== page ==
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Using Social Media to Ask the Right Questions
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Using Social Media to Ask the Right Questions

Decades of improved supply chain efficiency and management have produced undisputed gains for companies across the globe. Supply chain management is now the rule, not the differentiator. In today’s demand economy, leveraging untapped pools of consumer demand is crucial for competitive advantage. “Plus, the supply chain leaves out one important part: the customer.” said Brad Little from NM Incite at Nielsen’s Consumer 360 Conference in Frankfurt, Germany. “In today’s demand economy companies need to get closer to the customer,” he stressed.

Innovation around what consumers want is essential, but identifying what consumers want requires listening. The explosion of social media intelligence offers a vast opportunity to listen and engage with customers to shape products and services that tap into unmet demand.

Social media is the fastest growing media in history. Today, more than three in five Internet users engage in social media and usage continues to grow every day. In fact, NM Incite research reveals that one-quarter of social media and online discussion mentions a product, service or brand. And this exposure to positive buzz can drive additional sales.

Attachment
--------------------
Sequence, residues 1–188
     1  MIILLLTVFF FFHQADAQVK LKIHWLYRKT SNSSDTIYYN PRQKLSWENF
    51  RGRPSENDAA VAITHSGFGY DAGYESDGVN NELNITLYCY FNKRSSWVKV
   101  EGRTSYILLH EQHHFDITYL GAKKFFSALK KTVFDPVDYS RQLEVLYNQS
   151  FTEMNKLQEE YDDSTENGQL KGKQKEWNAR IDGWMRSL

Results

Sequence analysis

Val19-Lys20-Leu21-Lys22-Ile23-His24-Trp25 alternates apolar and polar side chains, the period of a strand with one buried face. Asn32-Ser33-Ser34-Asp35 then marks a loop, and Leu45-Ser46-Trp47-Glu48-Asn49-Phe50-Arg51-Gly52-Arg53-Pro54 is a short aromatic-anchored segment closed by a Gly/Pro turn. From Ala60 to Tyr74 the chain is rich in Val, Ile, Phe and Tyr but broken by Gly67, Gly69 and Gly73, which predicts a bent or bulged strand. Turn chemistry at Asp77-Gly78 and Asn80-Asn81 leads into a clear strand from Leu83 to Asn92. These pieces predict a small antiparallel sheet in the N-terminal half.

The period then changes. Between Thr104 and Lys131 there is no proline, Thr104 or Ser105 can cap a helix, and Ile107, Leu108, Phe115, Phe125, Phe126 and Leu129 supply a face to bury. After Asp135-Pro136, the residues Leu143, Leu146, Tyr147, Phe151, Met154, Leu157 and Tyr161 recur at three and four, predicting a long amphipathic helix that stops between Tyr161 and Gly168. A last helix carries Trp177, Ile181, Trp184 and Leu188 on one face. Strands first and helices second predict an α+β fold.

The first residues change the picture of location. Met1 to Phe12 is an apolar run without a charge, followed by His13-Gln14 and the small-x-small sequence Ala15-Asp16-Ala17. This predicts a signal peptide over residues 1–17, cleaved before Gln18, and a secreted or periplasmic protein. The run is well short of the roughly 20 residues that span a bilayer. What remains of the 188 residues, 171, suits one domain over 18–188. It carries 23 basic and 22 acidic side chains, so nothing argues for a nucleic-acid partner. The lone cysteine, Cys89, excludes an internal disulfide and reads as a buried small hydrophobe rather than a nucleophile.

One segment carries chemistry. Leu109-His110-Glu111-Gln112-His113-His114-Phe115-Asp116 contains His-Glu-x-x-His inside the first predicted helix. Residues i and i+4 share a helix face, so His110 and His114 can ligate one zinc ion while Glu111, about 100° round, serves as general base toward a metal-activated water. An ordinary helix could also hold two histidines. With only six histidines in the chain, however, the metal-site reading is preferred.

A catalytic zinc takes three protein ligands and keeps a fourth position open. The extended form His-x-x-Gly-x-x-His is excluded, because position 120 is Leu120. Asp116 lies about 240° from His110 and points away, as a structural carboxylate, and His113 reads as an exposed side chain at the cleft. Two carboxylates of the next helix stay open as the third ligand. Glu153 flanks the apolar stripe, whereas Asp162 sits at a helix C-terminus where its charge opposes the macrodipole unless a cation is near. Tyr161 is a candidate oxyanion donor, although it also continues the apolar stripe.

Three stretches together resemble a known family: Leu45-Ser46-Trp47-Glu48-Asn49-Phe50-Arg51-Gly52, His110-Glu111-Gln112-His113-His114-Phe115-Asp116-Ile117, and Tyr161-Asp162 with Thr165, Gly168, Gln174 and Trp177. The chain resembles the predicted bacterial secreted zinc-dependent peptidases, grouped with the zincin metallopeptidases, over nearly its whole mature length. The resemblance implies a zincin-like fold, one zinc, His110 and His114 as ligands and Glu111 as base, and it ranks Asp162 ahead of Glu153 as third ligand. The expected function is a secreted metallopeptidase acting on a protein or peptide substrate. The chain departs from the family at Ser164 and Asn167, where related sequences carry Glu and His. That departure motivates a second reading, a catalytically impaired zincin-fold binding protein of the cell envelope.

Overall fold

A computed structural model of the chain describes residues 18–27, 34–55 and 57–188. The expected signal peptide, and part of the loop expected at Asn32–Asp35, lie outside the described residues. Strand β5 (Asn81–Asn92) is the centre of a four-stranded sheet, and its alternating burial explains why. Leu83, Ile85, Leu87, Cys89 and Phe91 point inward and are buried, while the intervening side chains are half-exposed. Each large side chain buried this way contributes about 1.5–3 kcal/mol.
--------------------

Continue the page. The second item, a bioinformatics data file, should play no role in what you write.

The opportunity to engage with and listen to consumers via social media is clear, and more and more brands are finding it essential rather than optional. “However, the wide range of opportunities given by social media creates uncertainty for many reasons,” says Brad Little. “How do we engage the right way? How do we measure the influence of paid media against earned media? How do we implement what we learned from social media into our organization?” While there are many examples of both hits and misses when it comes to social media, using the right tools, metrics, and appropriate strategy, brands can leverage social media intelligence for competitive advantages and build successful demand.

One success story demonstrates how social media was used to reshape a baby diaper campaign with enhanced results by combining both listening and asking research. The traditional survey results showed that the majority of consumers believed that “environmentally friendly” was the most important product attribute. But in authentic, online conversations, consumers indicated that “organic” and “avoiding diaper rash” were the most important product features. The social media analysis revealed a more accurate picture of consumer sentiment around product desires. This lead to a new campaign theme centered on “Caring,” which produced phenomenal results for the brand.

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To win in this new business model, a company must stop fine-tuning the supply chain and shift to an information model built around the rapidly changing demands and needs states of their most profitable consumer groups. It means an end to constantly pushing products to consumers with one-way advertising and move to a new model where adding customer value, transparent two-way feedback loops and conversational skills are the focus.